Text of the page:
- Take 5 different Hedge Funds (HFa through HFe); HFa trades within equity markets, HFb within bond markets, HFc within FX markets, HFd within commodity markets, and HFe within the real estate market. By investing in any one of the above hedge funds, or all of them together, we are not investing in a unique market exposure relative to the rest of our portfolio [90% of our investment portfolio] – we are just adding the representative amount in to the asset classes/markets we are already invested in. Does investment in any of the above 5 hedge funds truly bring in a differentiated market exposure to the 10% of our overall portfolio invested in hedge funds that we are not already getting exposure to by the other 90% of our investment portfolio?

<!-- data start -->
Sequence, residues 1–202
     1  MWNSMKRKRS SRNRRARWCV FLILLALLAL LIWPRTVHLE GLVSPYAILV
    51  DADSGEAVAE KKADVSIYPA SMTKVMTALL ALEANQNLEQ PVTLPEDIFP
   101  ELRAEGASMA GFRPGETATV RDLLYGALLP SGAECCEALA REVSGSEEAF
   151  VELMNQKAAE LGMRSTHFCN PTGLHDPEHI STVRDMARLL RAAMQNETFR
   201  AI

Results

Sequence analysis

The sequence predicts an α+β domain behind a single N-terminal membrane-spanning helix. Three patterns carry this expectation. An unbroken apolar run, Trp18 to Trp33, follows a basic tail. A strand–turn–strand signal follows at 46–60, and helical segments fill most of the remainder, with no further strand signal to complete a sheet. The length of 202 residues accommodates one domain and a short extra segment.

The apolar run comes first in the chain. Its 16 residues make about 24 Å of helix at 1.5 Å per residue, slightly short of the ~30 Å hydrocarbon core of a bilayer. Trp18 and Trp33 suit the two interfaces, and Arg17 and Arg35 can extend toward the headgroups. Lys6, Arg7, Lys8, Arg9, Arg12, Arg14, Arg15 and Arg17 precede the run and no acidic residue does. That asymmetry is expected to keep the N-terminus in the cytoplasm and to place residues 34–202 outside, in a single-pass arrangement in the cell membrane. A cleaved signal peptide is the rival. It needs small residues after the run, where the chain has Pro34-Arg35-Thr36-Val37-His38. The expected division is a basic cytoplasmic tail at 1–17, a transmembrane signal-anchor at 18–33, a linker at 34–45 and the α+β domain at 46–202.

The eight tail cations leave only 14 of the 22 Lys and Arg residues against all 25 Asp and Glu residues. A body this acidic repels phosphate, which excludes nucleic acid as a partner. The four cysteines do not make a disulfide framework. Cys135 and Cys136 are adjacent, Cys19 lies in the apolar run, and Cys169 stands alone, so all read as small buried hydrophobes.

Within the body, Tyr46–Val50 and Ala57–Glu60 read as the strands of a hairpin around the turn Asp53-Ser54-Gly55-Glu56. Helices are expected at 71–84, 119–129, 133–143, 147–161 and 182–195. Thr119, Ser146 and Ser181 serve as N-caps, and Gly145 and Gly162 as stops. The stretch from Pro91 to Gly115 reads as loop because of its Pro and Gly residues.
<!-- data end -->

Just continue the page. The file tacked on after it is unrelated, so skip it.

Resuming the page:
Despite my above believe that hedge funds are not their own asset class, I do believe that a synthetic hedge fund asset class can be created by utilizing the liquidity and tradable markets characteristics, which are unique to the hedge fund investment vehicle relative to their cheaper investment vehicles, in order to gain exposure to strategies and non-traditional markets that have different fundamental drivers than the other asset classes. I refer to these, relatively few, hedge funds that provide the aforementioned return behavior/different fundamental drivers as their own ‘alternatives asset class’.
‘Alternative Asset Class’ Traits
In order to find a hedge fund within my ‘alternative asset class’, the hedge fund needs to exhibit three primary traits: low beta, high alpha and diversification of an investor’s portfolio from an overall portfolio perspective. Let’s dig into these three traits in a little more detail.